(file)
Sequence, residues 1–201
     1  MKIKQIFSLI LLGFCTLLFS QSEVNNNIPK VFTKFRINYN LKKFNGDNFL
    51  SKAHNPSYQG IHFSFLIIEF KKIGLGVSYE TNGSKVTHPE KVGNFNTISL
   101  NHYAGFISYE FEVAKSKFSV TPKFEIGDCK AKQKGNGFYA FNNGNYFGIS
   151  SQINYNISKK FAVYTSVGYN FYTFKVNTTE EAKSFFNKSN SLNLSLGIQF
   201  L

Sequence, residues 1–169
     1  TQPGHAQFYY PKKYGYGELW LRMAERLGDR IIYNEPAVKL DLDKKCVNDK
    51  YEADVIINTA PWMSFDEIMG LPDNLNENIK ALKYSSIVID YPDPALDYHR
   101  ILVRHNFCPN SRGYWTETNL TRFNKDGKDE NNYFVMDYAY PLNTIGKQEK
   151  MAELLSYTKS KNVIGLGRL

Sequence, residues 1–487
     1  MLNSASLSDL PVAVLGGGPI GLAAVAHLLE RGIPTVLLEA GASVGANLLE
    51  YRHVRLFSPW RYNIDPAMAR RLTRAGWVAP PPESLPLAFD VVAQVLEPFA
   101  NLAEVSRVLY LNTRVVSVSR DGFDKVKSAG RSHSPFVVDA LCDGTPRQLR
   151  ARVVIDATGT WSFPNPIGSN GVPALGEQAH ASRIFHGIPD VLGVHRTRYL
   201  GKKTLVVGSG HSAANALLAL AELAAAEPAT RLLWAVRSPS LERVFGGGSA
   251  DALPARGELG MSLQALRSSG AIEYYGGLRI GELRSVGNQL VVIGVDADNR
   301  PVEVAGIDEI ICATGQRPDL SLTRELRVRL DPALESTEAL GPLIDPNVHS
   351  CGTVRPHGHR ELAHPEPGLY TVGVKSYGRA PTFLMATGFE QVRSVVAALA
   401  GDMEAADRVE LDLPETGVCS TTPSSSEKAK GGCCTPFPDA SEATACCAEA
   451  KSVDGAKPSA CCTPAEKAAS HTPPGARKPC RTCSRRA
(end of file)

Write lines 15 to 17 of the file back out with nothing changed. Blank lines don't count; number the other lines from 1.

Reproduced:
   101  NLAEVSRVLY LNTRVVSVSR DGFDKVKSAG RSHSPFVVDA LCDGTPRQLR
   151  ARVVIDATGT WSFPNPIGSN GVPALGEQAH ASRIFHGIPD VLGVHRTRYL
   201  GKKTLVVGSG HSAANALLAL AELAAAEPAT RLLWAVRSPS LERVFGGGSA